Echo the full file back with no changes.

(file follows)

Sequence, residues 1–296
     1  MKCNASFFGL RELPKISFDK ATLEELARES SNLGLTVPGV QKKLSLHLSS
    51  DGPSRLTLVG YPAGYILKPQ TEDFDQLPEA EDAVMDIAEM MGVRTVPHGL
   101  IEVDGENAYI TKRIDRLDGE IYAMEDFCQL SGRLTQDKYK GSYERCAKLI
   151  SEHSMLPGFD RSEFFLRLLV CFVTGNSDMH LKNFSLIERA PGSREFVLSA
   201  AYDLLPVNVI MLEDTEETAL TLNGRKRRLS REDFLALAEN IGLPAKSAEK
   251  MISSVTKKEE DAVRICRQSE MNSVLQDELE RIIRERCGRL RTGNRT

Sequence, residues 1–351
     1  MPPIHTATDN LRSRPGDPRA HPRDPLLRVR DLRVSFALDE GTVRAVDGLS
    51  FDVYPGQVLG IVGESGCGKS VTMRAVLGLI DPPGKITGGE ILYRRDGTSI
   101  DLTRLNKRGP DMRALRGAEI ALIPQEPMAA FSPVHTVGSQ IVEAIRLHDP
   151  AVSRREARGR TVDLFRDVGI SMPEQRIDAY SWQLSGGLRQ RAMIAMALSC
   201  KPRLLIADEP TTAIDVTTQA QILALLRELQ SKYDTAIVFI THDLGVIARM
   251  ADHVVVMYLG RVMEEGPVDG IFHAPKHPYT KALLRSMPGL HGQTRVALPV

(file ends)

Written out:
Sequence, residues 1–296
     1  MKCNASFFGL RELPKISFDK ATLEELARES SNLGLTVPGV QKKLSLHLSS
    51  DGPSRLTLVG YPAGYILKPQ TEDFDQLPEA EDAVMDIAEM MGVRTVPHGL
   101  IEVDGENAYI TKRIDRLDGE IYAMEDFCQL SGRLTQDKYK GSYERCAKLI
   151  SEHSMLPGFD RSEFFLRLLV CFVTGNSDMH LKNFSLIERA PGSREFVLSA
   201  AYDLLPVNVI MLEDTEETAL TLNGRKRRLS REDFLALAEN IGLPAKSAEK
   251  MISSVTKKEE DAVRICRQSE MNSVLQDELE RIIRERCGRL RTGNRT

Sequence, residues 1–351
     1  MPPIHTATDN LRSRPGDPRA HPRDPLLRVR DLRVSFALDE GTVRAVDGLS
    51  FDVYPGQVLG IVGESGCGKS VTMRAVLGLI DPPGKITGGE ILYRRDGTSI
   101  DLTRLNKRGP DMRALRGAEI ALIPQEPMAA FSPVHTVGSQ IVEAIRLHDP
   151  AVSRREARGR TVDLFRDVGI SMPEQRIDAY SWQLSGGLRQ RAMIAMALSC
   201  KPRLLIADEP TTAIDVTTQA QILALLRELQ SKYDTAIVFI THDLGVIARM
   251  ADHVVVMYLG RVMEEGPVDG IFHAPKHPYT KALLRSMPGL HGQTRVALPV